Motivated by concerns about more frequent and intense extreme weather, New York Gov. Andrew Cuomo plans to buy back damaged coastal properties from homeowners willing to sell and preserve the land as undeveloped public spaces. Cuomo’s plan would use funds from the Federal Emergency Management Agency (FEMA), which requires that purchased properties not be developed.
Hurricane Sandy inflicted tremendous damage on New York’s coastal communities. The threat of more intense, more frequent storms driven by climate change has led Gov. Andrew Cuomo to propose limiting development in vulnerable locations. Just as Sandy provided a preview of future climate risks, the governor’s proposal may offer an example of one effective response.
President Obama’s forceful call for climate action in his inaugural address came after a year when climate change was barely whispered in the presidential campaign but its effects were loud and clear here in the United States and around the world.
As Hurricane Sandy moves out of the region, people in affected areas are beginning to take stock of the damage. Flooding in parts of New Jersey and New York from the storm surge hit record levels. The 13.8-foot surge measured at Battery Park in Lower Manhattan surpassed the all-time record of 11.2 feet set in 1821, flooding the New York subway system and two major commuter tunnels. Along the Eastern Seaboard, an estimated 7.5 million people lost power. Farther inland, blizzard conditions dropped as much as 2 feet of snow as Sandy crashed into arctic air over the Midwest. While early estimates indicate direct damages from the hurricane may be as much as $20 billion, the total economic losses, including losses in consumer and business spending, could be more than twice that amount.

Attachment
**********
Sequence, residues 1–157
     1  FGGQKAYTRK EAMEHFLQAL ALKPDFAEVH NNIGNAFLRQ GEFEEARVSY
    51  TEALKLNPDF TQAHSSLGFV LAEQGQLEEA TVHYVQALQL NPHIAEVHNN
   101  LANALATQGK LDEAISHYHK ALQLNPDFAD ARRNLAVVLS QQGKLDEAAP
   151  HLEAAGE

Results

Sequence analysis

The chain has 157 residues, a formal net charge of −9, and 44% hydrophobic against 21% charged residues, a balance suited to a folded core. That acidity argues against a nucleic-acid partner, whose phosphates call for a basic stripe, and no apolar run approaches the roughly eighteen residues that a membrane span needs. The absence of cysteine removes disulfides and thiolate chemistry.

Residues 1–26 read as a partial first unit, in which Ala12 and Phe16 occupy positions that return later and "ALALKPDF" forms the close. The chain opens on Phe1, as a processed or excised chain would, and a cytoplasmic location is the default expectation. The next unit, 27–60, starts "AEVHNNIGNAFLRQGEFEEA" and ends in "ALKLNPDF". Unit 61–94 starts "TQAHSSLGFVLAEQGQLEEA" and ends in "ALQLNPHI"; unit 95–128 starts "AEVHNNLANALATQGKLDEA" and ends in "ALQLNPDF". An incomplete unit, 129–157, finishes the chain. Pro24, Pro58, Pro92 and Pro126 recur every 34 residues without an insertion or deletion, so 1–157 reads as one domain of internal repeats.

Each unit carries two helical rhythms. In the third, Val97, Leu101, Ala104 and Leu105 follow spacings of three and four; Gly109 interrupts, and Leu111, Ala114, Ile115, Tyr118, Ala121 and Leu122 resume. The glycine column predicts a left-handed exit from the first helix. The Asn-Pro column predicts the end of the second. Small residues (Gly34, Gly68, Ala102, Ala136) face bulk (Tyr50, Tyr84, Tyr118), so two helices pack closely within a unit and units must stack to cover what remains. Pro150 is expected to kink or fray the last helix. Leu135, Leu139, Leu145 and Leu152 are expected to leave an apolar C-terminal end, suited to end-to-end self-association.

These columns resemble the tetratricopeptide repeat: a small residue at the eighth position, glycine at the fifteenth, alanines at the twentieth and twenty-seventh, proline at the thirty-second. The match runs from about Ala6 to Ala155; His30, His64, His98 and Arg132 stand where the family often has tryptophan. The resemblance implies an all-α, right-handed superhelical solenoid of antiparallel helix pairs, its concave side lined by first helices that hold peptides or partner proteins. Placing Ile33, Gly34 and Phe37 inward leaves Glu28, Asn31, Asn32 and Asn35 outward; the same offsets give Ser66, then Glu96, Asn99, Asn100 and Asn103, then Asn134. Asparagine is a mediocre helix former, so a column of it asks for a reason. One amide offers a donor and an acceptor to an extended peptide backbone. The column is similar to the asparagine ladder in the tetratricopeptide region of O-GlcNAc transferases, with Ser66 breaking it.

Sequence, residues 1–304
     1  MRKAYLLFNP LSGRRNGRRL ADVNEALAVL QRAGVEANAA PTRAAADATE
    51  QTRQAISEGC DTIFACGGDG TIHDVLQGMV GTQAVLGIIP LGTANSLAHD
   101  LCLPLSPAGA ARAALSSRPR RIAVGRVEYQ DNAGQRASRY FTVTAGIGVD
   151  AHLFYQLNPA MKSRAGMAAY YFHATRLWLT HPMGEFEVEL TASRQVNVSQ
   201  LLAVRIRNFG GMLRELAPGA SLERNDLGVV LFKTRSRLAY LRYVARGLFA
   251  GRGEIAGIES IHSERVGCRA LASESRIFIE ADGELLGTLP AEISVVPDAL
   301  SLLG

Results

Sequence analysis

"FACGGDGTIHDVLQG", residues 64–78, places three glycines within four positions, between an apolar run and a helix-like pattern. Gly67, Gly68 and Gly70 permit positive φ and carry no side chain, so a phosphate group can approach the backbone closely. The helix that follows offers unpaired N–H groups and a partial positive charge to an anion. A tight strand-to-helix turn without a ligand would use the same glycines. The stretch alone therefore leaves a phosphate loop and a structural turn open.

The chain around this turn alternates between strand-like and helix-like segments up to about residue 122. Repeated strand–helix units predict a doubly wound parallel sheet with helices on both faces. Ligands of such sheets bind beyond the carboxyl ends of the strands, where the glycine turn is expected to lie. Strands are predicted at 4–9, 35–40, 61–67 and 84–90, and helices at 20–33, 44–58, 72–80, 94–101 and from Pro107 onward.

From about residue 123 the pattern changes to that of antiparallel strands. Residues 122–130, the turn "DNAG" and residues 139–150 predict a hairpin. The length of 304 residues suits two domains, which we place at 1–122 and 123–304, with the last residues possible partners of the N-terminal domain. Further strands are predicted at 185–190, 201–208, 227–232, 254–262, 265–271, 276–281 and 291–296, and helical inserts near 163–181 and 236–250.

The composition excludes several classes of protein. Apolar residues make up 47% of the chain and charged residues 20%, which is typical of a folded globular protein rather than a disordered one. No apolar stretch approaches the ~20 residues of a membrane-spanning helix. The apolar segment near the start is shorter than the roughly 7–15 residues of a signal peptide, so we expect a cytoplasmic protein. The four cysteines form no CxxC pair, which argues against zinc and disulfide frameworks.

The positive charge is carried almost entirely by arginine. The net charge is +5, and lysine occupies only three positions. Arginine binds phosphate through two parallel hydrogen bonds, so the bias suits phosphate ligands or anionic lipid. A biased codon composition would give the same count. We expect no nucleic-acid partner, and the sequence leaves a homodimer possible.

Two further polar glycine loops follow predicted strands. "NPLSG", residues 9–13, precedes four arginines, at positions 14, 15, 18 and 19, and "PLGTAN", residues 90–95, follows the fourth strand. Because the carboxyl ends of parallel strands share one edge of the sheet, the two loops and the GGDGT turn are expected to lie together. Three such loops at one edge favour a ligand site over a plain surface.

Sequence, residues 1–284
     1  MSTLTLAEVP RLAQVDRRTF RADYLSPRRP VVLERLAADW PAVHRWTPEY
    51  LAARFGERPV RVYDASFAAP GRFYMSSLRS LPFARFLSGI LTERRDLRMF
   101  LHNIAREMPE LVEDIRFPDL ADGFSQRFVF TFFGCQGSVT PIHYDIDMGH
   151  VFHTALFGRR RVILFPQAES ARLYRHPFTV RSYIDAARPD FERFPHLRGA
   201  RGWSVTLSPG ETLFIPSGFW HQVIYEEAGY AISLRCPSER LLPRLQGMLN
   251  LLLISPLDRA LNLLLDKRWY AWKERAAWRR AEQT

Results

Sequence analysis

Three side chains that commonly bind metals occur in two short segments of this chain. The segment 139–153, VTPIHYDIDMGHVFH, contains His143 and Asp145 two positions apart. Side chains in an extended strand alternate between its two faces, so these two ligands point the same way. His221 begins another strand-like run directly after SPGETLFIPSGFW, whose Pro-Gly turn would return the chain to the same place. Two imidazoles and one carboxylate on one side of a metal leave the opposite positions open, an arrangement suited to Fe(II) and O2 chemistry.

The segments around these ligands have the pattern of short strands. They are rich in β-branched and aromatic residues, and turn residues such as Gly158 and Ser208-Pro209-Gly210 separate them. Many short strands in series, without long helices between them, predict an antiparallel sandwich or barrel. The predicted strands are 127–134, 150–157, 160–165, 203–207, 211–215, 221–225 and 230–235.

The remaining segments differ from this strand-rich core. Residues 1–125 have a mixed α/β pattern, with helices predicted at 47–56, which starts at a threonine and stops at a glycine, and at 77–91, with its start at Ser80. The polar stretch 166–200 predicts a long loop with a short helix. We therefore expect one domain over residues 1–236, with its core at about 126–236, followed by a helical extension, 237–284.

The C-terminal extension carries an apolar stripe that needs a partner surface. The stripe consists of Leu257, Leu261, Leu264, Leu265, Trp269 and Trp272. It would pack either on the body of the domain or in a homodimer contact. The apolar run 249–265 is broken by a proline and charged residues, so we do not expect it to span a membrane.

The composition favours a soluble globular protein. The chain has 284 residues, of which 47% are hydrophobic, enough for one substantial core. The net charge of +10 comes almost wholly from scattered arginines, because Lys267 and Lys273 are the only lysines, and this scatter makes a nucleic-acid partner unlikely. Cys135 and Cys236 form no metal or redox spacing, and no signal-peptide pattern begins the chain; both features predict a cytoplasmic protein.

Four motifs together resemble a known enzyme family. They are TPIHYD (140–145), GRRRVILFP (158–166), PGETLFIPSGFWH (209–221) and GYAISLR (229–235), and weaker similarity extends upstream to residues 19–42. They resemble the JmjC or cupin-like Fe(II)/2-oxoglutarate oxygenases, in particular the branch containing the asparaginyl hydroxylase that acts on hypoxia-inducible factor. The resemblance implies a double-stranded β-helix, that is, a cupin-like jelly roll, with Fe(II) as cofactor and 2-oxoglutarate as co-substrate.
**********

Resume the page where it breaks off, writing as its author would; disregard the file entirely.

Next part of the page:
A number of climate change-related factors may well have intensified the storm's impact: higher ocean temperatures, higher sea levels, and an atmospheric traffic jam that may be related to Arctic melting. Hurricane Sandy is also a clear reminder of how vulnerable our homes and infrastructure already are to extreme weather — and this risk is growing.
Statement from Elliot Diringer
Executive Vice President, Center for Climate and Energy Solutions
Oct. 29, 2012
Hurricane Sandy is a stark reminder of the rising risks of climate change. While climate change didn’t cause the hurricane, a number of warming-related factors may well be intensifying its impact.
Higher ocean temperatures, in this case 5 degrees above normal, contribute to heavier rainfall. Higher sea level means stronger storm surges. And new research suggests that Arctic melting may be increasing the risk of the kind of atmospheric traffic jam that is driving Sandy inland.
But whatever’s behind it, Sandy clearly highlights our vulnerabilities to extreme weather. We’ve loaded the dice and events we once thought of as rare are becoming more common.
At a minimum, this is another foretaste of what we face in a warming world. It tells us two things: We’d better do all we can to reduce the risks by reducing our carbon emissions, and we’d better strengthen our defenses against future impacts that it’s already too late to avoid.
To get in touch with a C2ES science expert, contact Laura Rehrmann at firstname.lastname@example.org or 703-774-5480.
The Center for Climate and Energy Solutions (C2ES) is an independent nonprofit, nonpartisan organization promoting strong policy and action to address the twin challenges of energy and climate change. Launched in November 2011, C2ES is the successor to the Pew Center on Global Climate Change.
I recently replied to ta question on the National Journal blog, "How is the absence of discussion about global warming going to affect our ability to do something about it?"
You can read more on the original blog post and other responses at the National Journal.
Here is my response: